22 November 2010
Child Abuse and Risk of Eating Disorders in Women
Eating disorders are psychological problems that have been plaguing millions of lives around the US and other parts of the world. Anorexia, bulimia, and binge-eating are the most common types seen among patients. The concrete causes of these disorders are rather vague and vary between patients. Possible sources that prompt the disorders, however, range from low self-esteem, dieting, dissatisfaction, desire for perfection, and family influences such as criticism, and/or even abuse. The victims extend to all different ages and both genders. However, it is noted that risks are ...view middle of the document...
Within this previous study, the cases tested for this experiment were women who met the diagnostic criteria for anorexia nervosa, bulimia nervosa, or binge eating disorder after being interviewed for the Diagnostic and Statistical Manual of Mental Disorders, 4th Edition (also referred to as DSM-IV). To assess a history of childhood abuse, the researchers had the 907 women from this parent study to take a self-administered questionnaire titled the Survey of Interpersonal Relationships. Out of these 907 participants, 732 of the women (with and without eating disorders) completed the survey. The 732 women serve as the population for this study.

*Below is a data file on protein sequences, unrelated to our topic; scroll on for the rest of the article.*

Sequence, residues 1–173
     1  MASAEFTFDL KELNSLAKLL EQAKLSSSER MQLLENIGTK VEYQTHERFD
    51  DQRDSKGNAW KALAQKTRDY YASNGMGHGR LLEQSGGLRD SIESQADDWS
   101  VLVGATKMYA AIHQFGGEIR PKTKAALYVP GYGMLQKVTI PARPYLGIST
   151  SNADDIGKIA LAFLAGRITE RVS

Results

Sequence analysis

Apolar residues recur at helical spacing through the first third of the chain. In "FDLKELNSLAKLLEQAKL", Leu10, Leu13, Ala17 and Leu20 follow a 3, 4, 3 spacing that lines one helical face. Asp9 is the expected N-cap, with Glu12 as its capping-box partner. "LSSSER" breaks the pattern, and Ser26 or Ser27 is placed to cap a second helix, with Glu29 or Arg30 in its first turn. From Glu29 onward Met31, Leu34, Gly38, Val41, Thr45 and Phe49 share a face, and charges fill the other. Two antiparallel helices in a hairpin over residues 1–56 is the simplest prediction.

The three eating disorders mentioned constitute the study’s outcome. Anorexia falls under the refusal to maintain a certain body weight that is regular for age and height. Bulimia nervosa is defined as periodic occurrences of binge eating and is characterized by a lack of control. Lastly, binge eating disorder is similar to bulimia in that excessive eating is a problem but the difference is drawn because no purging is involved. Therefore, the women being studied were observed to possess the symptoms of either of these disorders. As for childhood abuse, the severity of abuse was measured and classified into three levels of mild, moderate, and severe. Mild was defined as being “spanked”, moderate was defined as “pushed, grabbed, shoved, kicked, bit, or punched” while severe was defined by being “choked or burned, physically attacked” (Rayworth et al).
The researchers found that, in comparison to the women who did not report any abuse, that the woman who were victimized by childhood physical abuse had twice the likelihood of suffering “from subclinical eating disorder symptoms or meeting DSM-IV criteria for an eating disorder (odds ratio – 2.0; 95% confidence interval= 1.3-3.3 or for DSM-IV 2.1; 1.1-4.2)” (Rayworth et al). However women that reported both physical and sexual abuse in their childhood were 3 times more likely of developing eating disorder symptoms and 4 times likely of falling under the DSM-IV criteria. The associations between the eating disorder and the abuse endured within the subgroup of women who had no previous depression to first start an eating disorder.
Through this study it is obvious that complexities exist in the connection between childhood abuse and the development of eating disorders. Childhood abuse has the power of influencing one’s psychological being and therefore could have the possibility of affecting...